The new industrial organisation changes the terms of the analysis and focuses on realistic markets where a firm with the leading edge technology faces competition from potential entrants. In such a case, the dominant firm has strong incentives to invest in R&D to prevent others from replacing its leadership. For instance, Federico Etro (2004, “Innovation by Leaders”, The Economic Journal) shows that market leaders have even stronger incentives than outsiders to innovate. According to the Economist “the most important requirement for this result is a lack of barriers to entry: these might include, for example, big capital outlays to fund the building of new laboratories, or regulatory or licensing restrictions that make it hard for new firms to threaten an incumbent. If there are no such barriers, a monopolist will have an excellent reason to innovate before any potential competitor comes up with the next new thing. It stands to lose its current, bloated profits if it does not; it stands to gain plenty from continued market dominance if it does” (Economic Focus, May 22nd, 2004).

Recent developments in the theory of industrial organisation, however, have approached market structures in a new way. The starting point of this New Industrial Organisation is that any serious attempt to shape industrial policy concerning dominant firms should focus on the role of these firms in realistic markets rather than in an ideal monopolistic market. Once this is done, one finds out that market leaders often have a positive role in improving efficiency, reducing prices and promoting innovation: what creates anti-competitive behaviours is not dominant firms, but the lack of access to a market by potential competitors. Let us address the issue within a more specific example concerning innovation. In high-tech sectors (think

It is now clear that the new industrial organisation completely overturns the results of the traditional industrial

. We are very grateful for Prof. Federico Etro, from UCSC, Milan, for his help and guidance in preparing this piece

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Know IP - Stockholm Network Monthly Bulletin on IPRS organisation: while persistent leadership would be a sign of monopolistic power for the traditional view, it is a sign of competitive pressure for the new view. We can even go beyond that: related research has shown that the innovative role of market leaders in high-tech sectors represents a main component of technological progress (see Paul Segerstrom, 2004, “Intel Economics”). This implies that the proper objectives for industrial policy in high-tech sectors should be protecting intellectual property rights to promote innovation and guaranteeing free access to research by new firms.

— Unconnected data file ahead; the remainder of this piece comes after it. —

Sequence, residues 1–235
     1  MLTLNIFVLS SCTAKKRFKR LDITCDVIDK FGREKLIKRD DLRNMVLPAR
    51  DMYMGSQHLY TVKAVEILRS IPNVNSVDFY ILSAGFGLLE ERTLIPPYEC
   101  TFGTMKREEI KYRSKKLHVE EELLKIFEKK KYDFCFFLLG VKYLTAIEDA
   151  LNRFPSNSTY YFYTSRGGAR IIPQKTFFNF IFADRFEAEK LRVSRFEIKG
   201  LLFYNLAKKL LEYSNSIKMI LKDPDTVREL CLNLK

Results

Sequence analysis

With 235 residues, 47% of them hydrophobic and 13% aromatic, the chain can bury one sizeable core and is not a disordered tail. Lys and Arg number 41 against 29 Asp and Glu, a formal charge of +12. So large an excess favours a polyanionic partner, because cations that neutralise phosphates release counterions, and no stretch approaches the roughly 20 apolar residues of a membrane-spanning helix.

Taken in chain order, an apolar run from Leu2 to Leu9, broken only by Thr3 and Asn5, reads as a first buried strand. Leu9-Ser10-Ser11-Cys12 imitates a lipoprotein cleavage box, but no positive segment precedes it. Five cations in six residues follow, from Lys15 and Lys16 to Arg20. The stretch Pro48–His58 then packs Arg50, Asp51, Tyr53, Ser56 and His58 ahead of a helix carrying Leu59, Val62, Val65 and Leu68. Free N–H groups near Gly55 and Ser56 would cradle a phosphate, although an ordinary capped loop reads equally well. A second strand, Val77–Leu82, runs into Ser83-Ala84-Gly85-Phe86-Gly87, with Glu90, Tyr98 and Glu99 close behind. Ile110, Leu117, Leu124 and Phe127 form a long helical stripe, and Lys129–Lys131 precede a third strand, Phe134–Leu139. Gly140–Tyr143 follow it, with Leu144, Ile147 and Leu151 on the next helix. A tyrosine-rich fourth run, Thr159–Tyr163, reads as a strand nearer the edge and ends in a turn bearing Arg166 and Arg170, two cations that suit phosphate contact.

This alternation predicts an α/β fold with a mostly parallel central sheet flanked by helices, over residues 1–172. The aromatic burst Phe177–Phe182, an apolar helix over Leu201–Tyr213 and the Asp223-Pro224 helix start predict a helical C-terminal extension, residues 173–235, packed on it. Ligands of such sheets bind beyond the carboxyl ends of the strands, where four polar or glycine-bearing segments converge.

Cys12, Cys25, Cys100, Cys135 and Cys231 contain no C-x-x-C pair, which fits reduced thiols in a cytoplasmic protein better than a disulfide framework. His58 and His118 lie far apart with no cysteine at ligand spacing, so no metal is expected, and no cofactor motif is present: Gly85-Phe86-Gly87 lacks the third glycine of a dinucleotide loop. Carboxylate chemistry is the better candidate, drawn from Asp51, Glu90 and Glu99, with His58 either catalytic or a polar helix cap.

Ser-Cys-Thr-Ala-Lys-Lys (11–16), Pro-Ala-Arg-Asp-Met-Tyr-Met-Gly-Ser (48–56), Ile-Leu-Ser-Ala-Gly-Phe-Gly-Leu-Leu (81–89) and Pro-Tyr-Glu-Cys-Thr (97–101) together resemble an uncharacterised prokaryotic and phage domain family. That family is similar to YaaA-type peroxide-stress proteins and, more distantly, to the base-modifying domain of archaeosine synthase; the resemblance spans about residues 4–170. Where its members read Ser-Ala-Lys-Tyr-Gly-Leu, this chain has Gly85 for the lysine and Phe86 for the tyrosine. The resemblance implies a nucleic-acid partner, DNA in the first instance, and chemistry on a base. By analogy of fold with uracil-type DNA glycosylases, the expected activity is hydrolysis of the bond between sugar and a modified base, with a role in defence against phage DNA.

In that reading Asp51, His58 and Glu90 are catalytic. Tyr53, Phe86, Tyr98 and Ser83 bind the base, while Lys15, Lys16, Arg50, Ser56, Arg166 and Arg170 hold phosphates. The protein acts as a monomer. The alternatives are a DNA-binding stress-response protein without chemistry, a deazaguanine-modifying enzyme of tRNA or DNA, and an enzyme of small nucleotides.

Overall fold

traditional industrial organisation: leadership in a market is not in itself a sign of an inefficient market structure or of lack of competition. What matters is whether there is a free access and, if this is the case, market leadership is just the sign of a more efficient organisation of the market. Actually, the new industrial organisation provides a simple way to rank market structures in terms of welfare. The worst one is characterised by barriers to entry; promoting entry in the market induces superior outcomes; but the best outcome emerges when entry is free and one or few firms are dominant. That's why anti-trust authorities should shift their priorities and move ahead with the promotion of free entry rather than the fight against market leaders.

Similar results apply in other contexts as well. A new general result is derived in a study on competitive markets where a dominant firm undertakes strategic investments to gain advantage over the competitors (Etro, 2005, “Aggressive Leaders”, The Rand Journal of Economics, forthcoming). For instance, we may think of any investment to reduce costs or to improve quality, an advertising effort, production of complementary goods, and so on. What happens is that the market leader always over-invests to gain a strategic advantage and conquer a larger market share. However, this results in a reduction in prices with a net gain for the consumers! This happens under any form of competition (including in prices and in production levels) as long as entry for competitors is free. Only when this is the case, the fear of competitors induces the leader to be aggressive: its best strategy requires reducing costs, improving product quality, engaging in a lot of advertising, producing complementary products and so on. This allows the leader to lower its price and gain market share, but it also disciplines competitors and keeps prices at a low level, with unambiguous benefits for society.